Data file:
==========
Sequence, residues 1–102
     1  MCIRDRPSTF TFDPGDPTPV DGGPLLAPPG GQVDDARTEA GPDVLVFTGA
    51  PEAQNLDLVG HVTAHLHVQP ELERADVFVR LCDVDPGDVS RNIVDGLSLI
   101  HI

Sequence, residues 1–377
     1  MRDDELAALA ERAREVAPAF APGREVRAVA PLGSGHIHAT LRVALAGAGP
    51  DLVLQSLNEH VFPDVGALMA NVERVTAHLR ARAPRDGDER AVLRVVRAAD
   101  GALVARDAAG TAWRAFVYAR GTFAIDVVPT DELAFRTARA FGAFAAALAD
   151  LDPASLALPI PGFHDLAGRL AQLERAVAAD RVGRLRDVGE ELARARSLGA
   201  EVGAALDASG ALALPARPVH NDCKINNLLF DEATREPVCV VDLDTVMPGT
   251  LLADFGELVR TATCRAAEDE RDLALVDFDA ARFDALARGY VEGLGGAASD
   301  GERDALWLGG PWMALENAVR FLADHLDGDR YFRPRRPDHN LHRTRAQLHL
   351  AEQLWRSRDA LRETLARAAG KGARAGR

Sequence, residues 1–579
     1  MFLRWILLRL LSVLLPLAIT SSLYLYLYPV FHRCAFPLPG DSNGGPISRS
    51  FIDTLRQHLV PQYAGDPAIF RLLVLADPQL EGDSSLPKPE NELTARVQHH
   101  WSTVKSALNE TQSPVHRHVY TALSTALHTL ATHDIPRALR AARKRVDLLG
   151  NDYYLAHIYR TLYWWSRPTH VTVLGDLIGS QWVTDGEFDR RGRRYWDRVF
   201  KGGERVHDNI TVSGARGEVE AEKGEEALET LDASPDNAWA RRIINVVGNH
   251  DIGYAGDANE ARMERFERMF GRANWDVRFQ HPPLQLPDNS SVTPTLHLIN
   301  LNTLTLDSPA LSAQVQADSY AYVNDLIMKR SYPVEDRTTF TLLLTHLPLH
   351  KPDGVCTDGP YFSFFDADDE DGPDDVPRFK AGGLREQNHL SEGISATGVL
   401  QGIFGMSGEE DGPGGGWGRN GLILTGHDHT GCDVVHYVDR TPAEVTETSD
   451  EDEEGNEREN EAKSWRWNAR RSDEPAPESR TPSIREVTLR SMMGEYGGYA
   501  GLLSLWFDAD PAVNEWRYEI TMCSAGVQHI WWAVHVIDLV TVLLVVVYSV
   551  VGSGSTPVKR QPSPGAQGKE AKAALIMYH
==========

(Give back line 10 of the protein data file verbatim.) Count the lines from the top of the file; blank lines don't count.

   201  EVGAALDASG ALALPARPVH NDCKINNLLF DEATREPVCV VDLDTVMPGT